The Accreditation Council for Graduate Medical Education will soon decide on a controversial proposal that will allow first-year residents to work 28-hour shifts, up from the 16-hour shift cap currently in place.

A 45-day comment period on the proposal recently ended and the ACGME is expected to decide in the coming weeks whether to approve the measure.

Public Citizen, an advocacy group, led a petition urging the ACGME board to reject the proposal. The petition garnered more than 67,000 signatures and was submitted this past weekend to the ACGME board for consideration.

The ACGME, which announced the proposal last November, argues the changes would lessen disruption in patient care while strengthening team-based care.

The proposal would relax work restrictions put in place by the ACGME in 2011 for first-year residents as evidence mounted that sleep-deprived residents were more likely to make patient errors.

In response to the concerns, the ACGME passed a proposal that restricted first-year students to 16-hour shifts. After their first year, residents can work up to 28 hours per shift. All residents are restricted to work no more than 80 hours per week.

The new proposal has faced backlash from various provider organizations and patient advocacy groups concerned it will negatively affect patient safety and resident well-being.

Dr. Sammy Almashat, a health researcher at Public Citizen, said first-year residents don’t have the training or experience to work a 28-hour shift without a high risk of making errors in patient treatment. He said there is substantial research that shows sleep-deprived doctors are more likely to make errors.

Residents also shouldn’t have to work for such a long period of time, Almashat said. Academic medical centers that offer residency programs receive government funds of about $130,000 a year for each resident. Resident salaries range from about $50,000 to $60,000. Almashat said residents are essentially “free labor” for the hospitals and they want to take advantage of the cost benefits.

In its new proposal, the ACGME said in order to better prepare residents for the expectations in their career they should be exposed to long hours early on.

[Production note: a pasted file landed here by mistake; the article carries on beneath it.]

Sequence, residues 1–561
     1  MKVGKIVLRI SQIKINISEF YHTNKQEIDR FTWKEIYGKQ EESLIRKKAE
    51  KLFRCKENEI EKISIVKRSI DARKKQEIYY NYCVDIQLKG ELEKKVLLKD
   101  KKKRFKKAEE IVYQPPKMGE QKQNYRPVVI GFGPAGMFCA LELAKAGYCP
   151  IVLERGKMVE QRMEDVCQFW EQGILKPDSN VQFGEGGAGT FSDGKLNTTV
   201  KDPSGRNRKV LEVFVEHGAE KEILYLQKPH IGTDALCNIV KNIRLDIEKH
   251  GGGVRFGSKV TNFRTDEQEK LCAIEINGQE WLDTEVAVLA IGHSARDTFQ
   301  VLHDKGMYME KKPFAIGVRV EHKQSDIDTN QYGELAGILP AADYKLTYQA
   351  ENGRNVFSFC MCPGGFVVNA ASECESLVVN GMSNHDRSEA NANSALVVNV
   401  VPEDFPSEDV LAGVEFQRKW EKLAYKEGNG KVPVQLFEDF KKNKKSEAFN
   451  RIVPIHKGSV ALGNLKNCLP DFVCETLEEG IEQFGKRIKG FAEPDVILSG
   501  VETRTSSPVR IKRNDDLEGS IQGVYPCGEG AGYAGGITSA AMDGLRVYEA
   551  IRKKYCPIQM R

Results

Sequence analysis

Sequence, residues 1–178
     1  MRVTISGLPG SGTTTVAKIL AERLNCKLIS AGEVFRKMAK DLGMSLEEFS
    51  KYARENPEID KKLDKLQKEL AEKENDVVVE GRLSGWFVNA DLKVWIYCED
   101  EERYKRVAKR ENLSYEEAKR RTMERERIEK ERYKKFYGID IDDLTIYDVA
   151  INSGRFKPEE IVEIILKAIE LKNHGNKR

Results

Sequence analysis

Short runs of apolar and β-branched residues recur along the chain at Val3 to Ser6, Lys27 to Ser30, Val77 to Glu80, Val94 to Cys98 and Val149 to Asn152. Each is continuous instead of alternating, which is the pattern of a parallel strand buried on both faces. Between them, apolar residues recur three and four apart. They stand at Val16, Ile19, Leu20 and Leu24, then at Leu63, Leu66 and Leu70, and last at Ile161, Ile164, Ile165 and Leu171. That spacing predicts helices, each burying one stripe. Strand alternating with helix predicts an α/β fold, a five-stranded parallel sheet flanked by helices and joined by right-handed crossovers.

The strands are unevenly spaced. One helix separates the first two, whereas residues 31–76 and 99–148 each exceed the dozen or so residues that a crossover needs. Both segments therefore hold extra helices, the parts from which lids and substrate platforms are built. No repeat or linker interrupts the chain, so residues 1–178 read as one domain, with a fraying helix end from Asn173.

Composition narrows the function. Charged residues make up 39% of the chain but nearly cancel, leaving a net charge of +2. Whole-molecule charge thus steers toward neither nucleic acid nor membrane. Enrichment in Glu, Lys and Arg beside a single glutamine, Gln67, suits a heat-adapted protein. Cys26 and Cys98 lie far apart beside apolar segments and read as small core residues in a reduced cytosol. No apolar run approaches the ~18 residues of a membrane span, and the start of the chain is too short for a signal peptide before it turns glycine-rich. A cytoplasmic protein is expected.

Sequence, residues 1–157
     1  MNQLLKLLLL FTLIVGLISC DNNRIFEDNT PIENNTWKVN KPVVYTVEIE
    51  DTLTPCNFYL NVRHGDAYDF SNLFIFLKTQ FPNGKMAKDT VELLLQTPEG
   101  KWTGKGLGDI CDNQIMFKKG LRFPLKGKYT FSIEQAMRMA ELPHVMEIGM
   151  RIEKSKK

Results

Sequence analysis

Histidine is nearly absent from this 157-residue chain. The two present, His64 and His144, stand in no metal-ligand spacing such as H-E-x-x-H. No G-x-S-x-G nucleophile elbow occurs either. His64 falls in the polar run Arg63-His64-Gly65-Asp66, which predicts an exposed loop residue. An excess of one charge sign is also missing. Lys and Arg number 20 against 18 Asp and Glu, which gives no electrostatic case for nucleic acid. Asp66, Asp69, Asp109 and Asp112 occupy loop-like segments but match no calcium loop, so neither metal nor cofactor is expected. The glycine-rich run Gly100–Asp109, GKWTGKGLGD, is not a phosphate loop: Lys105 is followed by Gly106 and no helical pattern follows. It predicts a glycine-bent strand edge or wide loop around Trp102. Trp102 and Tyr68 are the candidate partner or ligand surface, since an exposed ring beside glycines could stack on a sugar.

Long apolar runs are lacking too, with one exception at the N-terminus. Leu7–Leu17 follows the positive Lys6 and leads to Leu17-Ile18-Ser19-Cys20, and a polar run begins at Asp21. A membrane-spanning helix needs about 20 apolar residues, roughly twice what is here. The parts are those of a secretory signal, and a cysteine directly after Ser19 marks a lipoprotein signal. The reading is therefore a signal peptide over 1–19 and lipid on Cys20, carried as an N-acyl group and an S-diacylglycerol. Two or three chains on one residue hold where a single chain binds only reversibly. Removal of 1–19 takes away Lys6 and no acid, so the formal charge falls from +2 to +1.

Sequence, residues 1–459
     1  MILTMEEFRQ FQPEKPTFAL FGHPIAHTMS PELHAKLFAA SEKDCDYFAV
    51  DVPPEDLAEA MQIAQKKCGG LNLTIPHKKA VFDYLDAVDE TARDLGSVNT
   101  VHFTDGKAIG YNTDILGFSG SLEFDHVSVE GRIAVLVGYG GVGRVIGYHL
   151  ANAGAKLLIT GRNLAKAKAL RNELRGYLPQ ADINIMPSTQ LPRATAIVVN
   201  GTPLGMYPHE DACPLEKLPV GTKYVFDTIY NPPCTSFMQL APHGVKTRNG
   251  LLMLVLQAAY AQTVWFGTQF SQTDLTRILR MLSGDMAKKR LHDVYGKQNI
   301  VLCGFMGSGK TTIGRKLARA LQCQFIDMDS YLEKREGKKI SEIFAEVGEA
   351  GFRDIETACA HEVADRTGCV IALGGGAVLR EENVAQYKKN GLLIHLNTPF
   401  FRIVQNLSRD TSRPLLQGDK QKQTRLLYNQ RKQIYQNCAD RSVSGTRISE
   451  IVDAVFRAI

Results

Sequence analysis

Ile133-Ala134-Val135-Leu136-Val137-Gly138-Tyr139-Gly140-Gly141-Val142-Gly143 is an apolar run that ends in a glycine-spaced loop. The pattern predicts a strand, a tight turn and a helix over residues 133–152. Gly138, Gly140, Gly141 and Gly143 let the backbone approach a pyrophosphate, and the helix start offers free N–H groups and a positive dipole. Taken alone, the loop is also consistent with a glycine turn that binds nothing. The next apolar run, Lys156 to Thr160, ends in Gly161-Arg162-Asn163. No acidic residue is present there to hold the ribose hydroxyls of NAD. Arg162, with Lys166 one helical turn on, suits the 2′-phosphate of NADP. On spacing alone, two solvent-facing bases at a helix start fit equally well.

“Residents must develop the skills and the confidence to manage challenging situations, under supervision, and must learn to care for patients over extended hours, and during nighttime hours, because these are circumstances they will encounter after graduation,” said Dr. Thomas Nasca, CEO of ACGME, in a prepared statement.

The extended hours expected from residency originates from a longstanding mindset that those years should be difficult, Almashat said. “There is this tradition that working inhumane, dangerous hours is the only way you can become a doctor.”

This grueling pressure has contributed to high rates of depression among residents. A 2015 study in JAMA found about 28% of residents suffered from depression. “The harm for residents on a very basic level is their mental health,” Almashat said.

As part of its new proposal, the ACGME calls on academic medical centers to create residency programs that prioritize well-being of residents. This includes ensuring the programs have manageable patient workloads.

Many residency programs across the country have already made steps to mitigate burnout by splitting shifts in the morning and the night. Almashat said the proposal by the ACGME is optional for hospitals and “many are not going to take it.”